Creative re-use in the classroom

Over the last several years, our society has realized the global need for ongoing leadership in the areas of Science, Technology, Engineering, Arts and Mathematics. These areas are known as STEAM and have become a pointed focus for our educational system from Early Childhood programs to Secondary and Post-Secondary Institutions.

In order to best illustrate these concepts, schools and organizations have been creating “maker spaces” where students of all ages can combine, try out, experiment and create with collections of materials to develop their learning of STEAM concepts. Ultimately, these hands-on opportunities give the student new ways to understand concepts learned in the classroom as well as in the natural environment.

The challenge in providing these unique learning experiences lies in the materials available to the students. With education funding sources consistently inconsistent, a natural turn to available resources becomes inevitable. In short, the best and most cost-effective materials are the ones that are low cost or no cost.

Some of these materials are readily available, such as what can be found in nature or what is in our daily environment. Other materials can be accessed through creative sourcing in the community. Left-over supplies from an event, old tires, HVAC tubing, fabric, PVC piping, corrugated or packing materials are ideal for hands-on learning and exploration. In other words, there are no additional components to create in order to be creative.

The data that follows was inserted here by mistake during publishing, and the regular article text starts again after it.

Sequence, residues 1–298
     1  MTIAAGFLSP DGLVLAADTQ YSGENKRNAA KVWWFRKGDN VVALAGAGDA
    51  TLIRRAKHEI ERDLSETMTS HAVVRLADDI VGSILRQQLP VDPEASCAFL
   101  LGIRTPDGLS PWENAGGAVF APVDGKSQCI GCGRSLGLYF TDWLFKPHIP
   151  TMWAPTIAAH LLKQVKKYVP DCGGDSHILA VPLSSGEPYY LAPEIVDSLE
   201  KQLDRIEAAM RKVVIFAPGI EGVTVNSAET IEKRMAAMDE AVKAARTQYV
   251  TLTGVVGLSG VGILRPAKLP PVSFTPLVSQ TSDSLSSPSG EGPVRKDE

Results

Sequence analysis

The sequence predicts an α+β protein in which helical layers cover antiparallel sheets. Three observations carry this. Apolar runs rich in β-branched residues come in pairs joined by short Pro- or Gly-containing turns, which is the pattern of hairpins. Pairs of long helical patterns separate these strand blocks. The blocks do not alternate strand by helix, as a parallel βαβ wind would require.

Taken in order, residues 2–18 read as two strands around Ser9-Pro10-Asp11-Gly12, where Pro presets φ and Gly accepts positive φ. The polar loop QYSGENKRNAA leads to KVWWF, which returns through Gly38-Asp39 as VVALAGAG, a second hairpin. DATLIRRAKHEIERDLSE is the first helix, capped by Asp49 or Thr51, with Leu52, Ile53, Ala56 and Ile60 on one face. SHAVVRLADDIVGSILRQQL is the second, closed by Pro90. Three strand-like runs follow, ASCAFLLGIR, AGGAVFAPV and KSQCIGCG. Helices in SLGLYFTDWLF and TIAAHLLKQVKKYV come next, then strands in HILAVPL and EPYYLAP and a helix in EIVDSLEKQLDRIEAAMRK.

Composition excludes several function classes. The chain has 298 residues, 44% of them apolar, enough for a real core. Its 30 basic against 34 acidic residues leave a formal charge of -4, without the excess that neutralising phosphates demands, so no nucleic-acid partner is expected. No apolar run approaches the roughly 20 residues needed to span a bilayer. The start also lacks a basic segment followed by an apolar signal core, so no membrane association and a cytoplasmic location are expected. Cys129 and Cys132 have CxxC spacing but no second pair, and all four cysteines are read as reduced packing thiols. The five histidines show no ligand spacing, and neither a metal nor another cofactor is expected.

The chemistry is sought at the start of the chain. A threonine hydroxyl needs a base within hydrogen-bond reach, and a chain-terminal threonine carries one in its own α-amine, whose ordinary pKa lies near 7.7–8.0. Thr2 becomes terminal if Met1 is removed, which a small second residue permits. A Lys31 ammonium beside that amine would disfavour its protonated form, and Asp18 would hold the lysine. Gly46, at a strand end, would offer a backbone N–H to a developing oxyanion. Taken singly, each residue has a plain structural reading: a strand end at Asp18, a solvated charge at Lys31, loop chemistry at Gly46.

Individual companies and organizations can consider even the most basic cast-off unit from packaging or manufacturing as a possible component for a child’s imagination. Who knows what those plastic straps, spacers, or unused pieces of material can be re-purposed into when intentionally donated to a local school or creative reuse facility? Recent trends in recycling, robotics competitions, and collaborative art installations have given new life to old and wasted materials. At the very least, those extra parts will not end up in a landfill causing untold consequences for generations to come.

Partnerships between corporations and learning environments are a natural congress of this STEAM movement. As students learn and progress through their educational journey, career paths emerge from this foundation of exploration. Businesses who donate and support these efforts are literally creating their own next generation of highly skilled workers. Simply stated, connections made now will forge a stronger future for students, businesses, society and our precious natural resources.

by Marianne M. Laney, adjunt professor at Orange Coast College, Supervising Case Manager at Proof Positive ABA Therapies